The corrupting effects of fertility religion were seen in many centres around the Mediterranean, but Rome, Corinth and Ephesus were among the worst, linked by trade routes and depravity.

This was the scene that Paul surveyed in the eastern Mediterranean, and the young churches in those cities had to be warned. False gods and false teaching corrupted individuals and whole societies. These foul religions had the opposite effect of the gospel of Jesus, which brought real love and dignity to those whom the Gospel truly touched.

In the light of this cultural background, we shall now consider the three New Testament passages in detail.

Romans 1:18-32

The immorality of Rome forms the backdrop to this passage in Romans, which must be read and understood in the context of the case Paul is making for the guilt of humankind. The ancient writers of the books of Joshua, Judges, Samuel and Kings saw a pattern - a cycle - in the history of Israel, and interpreted it accordingly.

In the same way, Paul saw a pattern whereby humanity goes wrong and suppresses the truth about God.

The argument begins thus (summarising verses 18-22): humankind rejects the plain truth about the Creator God, even though the evidence of his work is around for all to see.

Then (summarising verses 23-25) humankind turns to idolatry, exchanging the truth of God for a lie, and the glory of God for images resembling humans or animals. (The human images were probably the statues of goddesses like Aphrodite - although Paul was probably thinking of Emperor worship too. Perhaps the most corrupting god we humans worship is ourselves. Paul would doubtless have had all these in mind.)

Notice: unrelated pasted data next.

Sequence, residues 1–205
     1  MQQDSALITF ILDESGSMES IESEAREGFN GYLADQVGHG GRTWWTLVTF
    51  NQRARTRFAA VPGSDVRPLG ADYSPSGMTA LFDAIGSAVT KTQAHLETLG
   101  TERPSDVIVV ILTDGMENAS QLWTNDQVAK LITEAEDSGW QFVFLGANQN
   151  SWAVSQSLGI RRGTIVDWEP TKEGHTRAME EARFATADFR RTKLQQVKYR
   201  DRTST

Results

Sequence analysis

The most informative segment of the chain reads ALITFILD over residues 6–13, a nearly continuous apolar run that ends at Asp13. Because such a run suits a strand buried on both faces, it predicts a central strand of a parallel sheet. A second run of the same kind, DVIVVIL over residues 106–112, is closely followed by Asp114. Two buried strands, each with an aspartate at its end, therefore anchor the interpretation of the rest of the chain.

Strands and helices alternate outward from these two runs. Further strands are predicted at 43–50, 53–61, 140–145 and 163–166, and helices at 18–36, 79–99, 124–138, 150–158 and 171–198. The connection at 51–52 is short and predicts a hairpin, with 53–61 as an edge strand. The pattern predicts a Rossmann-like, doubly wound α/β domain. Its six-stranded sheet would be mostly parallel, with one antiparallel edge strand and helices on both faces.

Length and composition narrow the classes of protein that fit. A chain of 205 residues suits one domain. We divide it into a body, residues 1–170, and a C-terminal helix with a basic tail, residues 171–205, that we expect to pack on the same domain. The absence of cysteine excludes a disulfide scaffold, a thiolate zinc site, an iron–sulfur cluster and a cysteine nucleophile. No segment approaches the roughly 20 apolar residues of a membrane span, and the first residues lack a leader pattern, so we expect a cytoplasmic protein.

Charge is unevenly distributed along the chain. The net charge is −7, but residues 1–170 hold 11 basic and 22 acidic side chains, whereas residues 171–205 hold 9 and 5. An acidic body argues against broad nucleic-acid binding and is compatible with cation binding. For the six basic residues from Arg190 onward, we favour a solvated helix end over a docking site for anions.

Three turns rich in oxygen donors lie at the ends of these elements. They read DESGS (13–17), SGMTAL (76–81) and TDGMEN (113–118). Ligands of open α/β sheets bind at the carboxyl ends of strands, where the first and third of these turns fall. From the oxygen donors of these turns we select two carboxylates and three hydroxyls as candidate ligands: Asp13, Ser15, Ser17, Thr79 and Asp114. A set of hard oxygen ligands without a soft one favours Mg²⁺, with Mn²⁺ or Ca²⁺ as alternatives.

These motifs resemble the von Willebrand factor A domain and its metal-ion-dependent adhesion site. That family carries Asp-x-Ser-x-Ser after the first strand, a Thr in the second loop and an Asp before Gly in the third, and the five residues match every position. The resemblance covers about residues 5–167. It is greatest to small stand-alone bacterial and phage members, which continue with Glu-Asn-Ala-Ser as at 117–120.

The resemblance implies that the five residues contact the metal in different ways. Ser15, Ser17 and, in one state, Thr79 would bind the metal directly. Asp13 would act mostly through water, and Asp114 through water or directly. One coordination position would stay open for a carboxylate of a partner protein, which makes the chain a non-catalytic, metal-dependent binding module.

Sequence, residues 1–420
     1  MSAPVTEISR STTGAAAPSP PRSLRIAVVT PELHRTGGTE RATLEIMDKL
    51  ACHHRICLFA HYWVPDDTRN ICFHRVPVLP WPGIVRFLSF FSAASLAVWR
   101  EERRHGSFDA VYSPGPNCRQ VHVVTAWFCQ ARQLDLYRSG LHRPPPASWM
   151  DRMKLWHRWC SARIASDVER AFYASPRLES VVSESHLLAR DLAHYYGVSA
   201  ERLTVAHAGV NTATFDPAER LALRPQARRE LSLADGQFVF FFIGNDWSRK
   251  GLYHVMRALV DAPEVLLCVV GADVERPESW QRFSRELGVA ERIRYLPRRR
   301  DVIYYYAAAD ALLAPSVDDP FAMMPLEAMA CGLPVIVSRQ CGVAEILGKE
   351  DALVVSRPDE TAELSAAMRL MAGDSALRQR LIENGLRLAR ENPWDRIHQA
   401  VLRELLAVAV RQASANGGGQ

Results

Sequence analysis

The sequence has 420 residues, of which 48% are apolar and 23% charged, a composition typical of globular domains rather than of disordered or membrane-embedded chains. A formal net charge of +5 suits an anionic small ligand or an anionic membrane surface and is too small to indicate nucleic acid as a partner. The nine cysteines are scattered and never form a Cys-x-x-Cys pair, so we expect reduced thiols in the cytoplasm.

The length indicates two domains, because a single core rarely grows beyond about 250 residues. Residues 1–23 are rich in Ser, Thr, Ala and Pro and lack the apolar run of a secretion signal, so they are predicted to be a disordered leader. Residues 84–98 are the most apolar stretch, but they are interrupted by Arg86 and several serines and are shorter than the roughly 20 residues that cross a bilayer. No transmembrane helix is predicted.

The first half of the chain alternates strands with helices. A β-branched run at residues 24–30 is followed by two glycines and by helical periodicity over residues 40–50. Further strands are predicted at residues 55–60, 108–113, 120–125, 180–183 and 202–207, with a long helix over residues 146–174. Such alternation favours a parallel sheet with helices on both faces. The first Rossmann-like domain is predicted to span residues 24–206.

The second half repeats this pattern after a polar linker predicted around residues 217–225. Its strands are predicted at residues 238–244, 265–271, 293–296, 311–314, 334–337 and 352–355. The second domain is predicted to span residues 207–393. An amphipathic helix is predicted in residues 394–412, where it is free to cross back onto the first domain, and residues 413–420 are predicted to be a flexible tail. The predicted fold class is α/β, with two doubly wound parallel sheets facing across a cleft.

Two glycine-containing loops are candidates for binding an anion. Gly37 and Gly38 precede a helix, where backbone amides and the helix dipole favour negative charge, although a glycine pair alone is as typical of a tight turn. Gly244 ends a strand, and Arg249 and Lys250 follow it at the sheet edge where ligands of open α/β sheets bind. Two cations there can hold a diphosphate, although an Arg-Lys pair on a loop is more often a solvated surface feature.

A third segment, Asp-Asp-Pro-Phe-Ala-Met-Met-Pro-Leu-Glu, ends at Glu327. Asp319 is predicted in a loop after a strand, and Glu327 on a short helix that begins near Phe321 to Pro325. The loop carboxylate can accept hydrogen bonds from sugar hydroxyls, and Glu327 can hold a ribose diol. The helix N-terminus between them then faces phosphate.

Consequently (summarising verses 26-32) humankind no longer acknowledges God, and becomes debased in life, with passions perverted, and filled with every kind of wickedness.

So this passage is about what happens when people refuse to recognise the living God and turn to idolatry.

Paul was certain of this because he had seen it. The argument hinges around verses 23-25, and also verse 26, which starts 'Because of this ...' Paul saw idolatry as the reason why there was so much wickedness and depravity in the world.

Worship of other gods, especially the gods of fertility, had corrupted and depraved those involved.

Rome was a major centre of such idolatry. It was not that they were irreligious but that their worship was misplaced. Every kind of sexual or other immorality was found in Rome; prostitution (male and female) and pederasty were common, and adultery rife. The situation was perhaps epitomised by Empress Agrippina, who served in a brothel out of sheer lust.

People had become dissatisfied with their natural heterosexuality and its moral expression, and were turning to what were for them unnatural acts.